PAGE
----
As will be described further herein, each interface controller 80-81 preferably comprises configuration data that identifies those unique identifiers that identify devices, e.g., host computers 98-103, that are privileged to access the interface controller 80-81. Further, the configuration data comprises mappings of additional component unique identifiers that map to host computer identifiers identifying to which components the host computer 98-103 has access.

The storage device 66 further comprises an integrated manager 74 for controlling various aspects of the operation of the storage device 66. The integrated manager 74 preferably comprises a socket 75 and manager logic 100. An RNMC 76 is coupled to the socket 75, and the socket 75 conductively connects the RNMC 76 with other components of the integrated manager 74.

The RNMC 76 stores the configuration data 302-304, or a portion of the configuration data, related to each interface controller 80-82. In this regard, the RNMC stores unique identifiers for each host computer 98-103 that has access to the storage device 66 through the particular interface controller. Further, the RNMC stores configuration data associated with any virtual devices to which each host computer 98-103 has access. Other configuration data may include, for example, data identifying one or more subsets of the cartridges 65 and which of the host computers 98-103 have access to which subset of cartridges. In this regard, the storage system 58 may restrict access of data to identified host computers.

As described hereinabove, the configuration data may also include unique identifiers associated with virtual devices (not shown) to which the host computer 98-103 may have access, as described further herein. Such virtual devices may be configured specifically for a particular host computer 98-103. For example, storage array 68 may be partitioned into separate “virtual devices” comprising one or more cartridges, e.g., 4 cartridges. The 4-cartridge virtual device may be associated with a unique identifiers, and the host computer 98-100 may access, for example, the 4-cartridge virtual device, by identifying the virtual device unique identifier and by identifying which cartridge in the virtual device that the host computer 98-100 desires to access, e.g., cartridge 1-4.

The operation of the integrated manager 74 is preferably controlled via the manager logic 100, which may be implemented in hardware, software, or a combination thereof. In this regard, the manager logic 100 may be configured to track and save, to the RNMC 76, configuration data 302-304 that can be used when peripheral devices, e.g., interface controllers 80-82, are replaced.

As described hereinabove, the manager logic 100 may retrieve configuration data from each of the devices 80-82 and save such retrieved data to the RNMC 76. However, in another embodiment, a user (not shown) accesses the integrated manager 74 via a graphical user interface (not shown) over the network 88. The user enters the configuration data 302-304 in the graphical user interface, and the manager logic 100 transmits the configuration data 302-304 to each respective interface controller. The manager logic 100 also stores the configuration data 302-304 to the RNMC 76, as described hereinabove.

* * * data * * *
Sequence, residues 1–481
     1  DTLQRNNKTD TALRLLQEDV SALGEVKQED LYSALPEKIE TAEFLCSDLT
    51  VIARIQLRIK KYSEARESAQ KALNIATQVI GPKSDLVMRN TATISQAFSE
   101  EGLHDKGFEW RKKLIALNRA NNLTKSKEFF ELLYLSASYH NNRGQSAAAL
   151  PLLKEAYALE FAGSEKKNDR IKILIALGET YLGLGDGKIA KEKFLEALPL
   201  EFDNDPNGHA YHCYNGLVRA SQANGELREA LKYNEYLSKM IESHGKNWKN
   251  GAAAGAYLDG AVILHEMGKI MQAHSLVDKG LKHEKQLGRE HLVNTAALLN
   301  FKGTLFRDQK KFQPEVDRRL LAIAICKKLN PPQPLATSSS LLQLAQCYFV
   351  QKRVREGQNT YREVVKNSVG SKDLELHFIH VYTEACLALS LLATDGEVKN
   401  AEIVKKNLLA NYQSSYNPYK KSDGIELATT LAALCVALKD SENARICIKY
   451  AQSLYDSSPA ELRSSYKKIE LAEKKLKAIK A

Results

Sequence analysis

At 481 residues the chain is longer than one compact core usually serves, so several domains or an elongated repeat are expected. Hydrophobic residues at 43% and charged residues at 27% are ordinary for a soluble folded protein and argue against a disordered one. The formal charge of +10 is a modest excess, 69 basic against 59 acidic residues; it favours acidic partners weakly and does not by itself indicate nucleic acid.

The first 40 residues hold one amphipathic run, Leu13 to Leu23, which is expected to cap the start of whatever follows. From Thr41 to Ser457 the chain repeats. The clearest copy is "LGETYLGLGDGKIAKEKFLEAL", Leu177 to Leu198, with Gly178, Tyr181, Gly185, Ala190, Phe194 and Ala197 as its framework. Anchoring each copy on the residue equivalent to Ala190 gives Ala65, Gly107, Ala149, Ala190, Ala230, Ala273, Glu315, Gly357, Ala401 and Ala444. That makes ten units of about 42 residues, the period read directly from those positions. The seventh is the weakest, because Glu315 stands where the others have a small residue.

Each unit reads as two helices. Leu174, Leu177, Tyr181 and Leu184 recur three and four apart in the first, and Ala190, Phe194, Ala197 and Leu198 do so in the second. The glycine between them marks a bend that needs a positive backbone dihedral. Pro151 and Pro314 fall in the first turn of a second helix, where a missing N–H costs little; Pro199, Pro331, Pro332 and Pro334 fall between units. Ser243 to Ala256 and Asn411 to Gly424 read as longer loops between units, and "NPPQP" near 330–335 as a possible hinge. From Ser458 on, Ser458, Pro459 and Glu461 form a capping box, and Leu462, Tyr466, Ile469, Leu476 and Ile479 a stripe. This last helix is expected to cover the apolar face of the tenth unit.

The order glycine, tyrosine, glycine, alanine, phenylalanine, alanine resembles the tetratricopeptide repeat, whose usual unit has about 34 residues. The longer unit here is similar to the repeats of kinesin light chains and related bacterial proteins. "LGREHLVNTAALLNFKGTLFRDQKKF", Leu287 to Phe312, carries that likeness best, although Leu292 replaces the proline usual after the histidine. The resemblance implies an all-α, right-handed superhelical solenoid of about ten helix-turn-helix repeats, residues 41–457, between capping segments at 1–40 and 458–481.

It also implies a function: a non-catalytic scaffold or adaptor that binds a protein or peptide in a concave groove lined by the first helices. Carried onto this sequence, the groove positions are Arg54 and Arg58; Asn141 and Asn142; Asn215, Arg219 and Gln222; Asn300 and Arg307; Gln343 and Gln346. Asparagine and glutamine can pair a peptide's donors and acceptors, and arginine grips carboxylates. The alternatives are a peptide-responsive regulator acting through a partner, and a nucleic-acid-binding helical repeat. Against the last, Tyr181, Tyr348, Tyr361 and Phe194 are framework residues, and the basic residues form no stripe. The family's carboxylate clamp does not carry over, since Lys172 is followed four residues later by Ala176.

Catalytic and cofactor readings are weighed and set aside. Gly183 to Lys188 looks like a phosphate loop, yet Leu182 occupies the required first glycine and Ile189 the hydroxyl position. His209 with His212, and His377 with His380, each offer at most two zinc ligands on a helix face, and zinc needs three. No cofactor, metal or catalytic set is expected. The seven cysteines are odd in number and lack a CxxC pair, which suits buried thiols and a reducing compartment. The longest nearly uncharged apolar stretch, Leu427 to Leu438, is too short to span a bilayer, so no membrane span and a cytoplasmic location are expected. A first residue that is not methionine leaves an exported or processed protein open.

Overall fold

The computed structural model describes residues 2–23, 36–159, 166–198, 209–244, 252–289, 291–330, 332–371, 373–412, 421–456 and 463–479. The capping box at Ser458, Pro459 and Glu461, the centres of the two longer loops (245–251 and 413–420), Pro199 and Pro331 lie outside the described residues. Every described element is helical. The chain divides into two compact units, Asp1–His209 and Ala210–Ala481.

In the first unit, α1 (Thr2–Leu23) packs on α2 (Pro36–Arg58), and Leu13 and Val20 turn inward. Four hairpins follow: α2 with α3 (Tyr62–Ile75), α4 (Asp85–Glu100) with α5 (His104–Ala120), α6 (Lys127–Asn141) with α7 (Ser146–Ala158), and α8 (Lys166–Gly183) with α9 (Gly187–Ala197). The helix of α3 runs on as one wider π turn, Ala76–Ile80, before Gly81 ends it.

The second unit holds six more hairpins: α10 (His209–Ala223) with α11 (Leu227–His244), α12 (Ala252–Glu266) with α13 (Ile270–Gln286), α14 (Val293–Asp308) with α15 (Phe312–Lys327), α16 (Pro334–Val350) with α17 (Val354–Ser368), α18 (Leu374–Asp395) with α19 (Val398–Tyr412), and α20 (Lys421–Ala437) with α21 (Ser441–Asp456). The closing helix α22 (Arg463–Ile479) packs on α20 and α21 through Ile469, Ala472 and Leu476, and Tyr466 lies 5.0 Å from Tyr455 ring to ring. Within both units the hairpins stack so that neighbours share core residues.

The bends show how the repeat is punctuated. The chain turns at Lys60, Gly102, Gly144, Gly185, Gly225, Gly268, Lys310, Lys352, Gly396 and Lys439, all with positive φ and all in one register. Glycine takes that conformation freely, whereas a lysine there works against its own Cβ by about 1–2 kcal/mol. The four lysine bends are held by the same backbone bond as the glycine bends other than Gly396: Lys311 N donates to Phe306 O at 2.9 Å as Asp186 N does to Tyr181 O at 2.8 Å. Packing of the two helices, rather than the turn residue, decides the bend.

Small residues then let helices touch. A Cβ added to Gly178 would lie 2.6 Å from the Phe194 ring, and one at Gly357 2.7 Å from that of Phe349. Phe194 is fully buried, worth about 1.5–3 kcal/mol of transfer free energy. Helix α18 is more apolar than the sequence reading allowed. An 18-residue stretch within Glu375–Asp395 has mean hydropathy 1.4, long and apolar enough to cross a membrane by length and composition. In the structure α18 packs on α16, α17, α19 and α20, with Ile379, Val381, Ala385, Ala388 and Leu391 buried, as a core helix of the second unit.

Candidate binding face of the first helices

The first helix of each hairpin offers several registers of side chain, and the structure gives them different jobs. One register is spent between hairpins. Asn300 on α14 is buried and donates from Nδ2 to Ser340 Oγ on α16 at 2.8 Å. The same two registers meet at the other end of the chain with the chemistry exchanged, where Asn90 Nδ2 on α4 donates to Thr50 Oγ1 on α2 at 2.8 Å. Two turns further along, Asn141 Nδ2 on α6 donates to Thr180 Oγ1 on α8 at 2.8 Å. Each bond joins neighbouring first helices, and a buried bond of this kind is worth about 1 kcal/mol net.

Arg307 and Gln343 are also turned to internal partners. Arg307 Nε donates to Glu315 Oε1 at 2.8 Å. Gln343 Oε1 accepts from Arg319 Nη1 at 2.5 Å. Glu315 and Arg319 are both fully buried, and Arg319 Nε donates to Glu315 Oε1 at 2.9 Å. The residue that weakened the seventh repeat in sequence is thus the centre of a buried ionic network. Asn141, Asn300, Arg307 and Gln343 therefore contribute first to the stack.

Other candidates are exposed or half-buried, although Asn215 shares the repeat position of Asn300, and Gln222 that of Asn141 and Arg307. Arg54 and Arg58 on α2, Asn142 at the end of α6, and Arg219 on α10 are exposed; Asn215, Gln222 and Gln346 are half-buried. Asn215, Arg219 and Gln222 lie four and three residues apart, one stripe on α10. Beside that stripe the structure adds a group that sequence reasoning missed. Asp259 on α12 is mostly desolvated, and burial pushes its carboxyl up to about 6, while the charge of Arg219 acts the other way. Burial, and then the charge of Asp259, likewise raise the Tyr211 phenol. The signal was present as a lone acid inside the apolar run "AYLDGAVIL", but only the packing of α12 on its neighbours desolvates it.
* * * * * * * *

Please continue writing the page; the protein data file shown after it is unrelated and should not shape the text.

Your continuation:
FIG. 2 depicts an exemplary host computer 98. The host computer 98 preferably comprises a communication interface 64 for communicating with the storage device 66 via the storage area network 88. The host computer further comprises requesting logic 62. The requesting logic 62 initially performs a device lookup operation that may query a plurality of devices on the network 88 to determine the available devices for use by the host 98. For example, the host 98 may have permission to access only a subset of the cartridges 65 through a designated interface controller, e.g., interface controller 80 (FIG. 1).

Thus, the requesting logic 62 retrieves unique identifiers associated with those devices, e.g., interface controllers, access devices, and/or cartridges, to which host 98 has access and stores such information as access data 209. In this regard, the requesting logic 62 may request the unique identifier associated with the particular interface controller 80-82 to which the host is assigned. For example, the host 98 may be assigned to interface controller 80 for requesting access to one or more of the drives 90-93.

Furthermore, during operation, the requesting logic 62 transmits commands, e.g., cartridge load commands, read commands, and/or write commands, over network 88 via communication interface 64. In so issuing commands, the requesting logic identifies the device, e.g., the interface controllers 80-82, with which it needs to communicate to perform a particular task. For example, the requesting logic 62 may transmit a command to the unique identifier of the access device interface controller 82 to retrieve a cartridge 65 and load the cartridge in drive 91, which the requesting logic 62 also identifies by its unique identifier.

Once the cartridge 65 is loaded, the requesting logic 62 may issue a read command to the interface controller 80 by addressing the interface controller's unique identifier and the unique identifier associated with drive 91.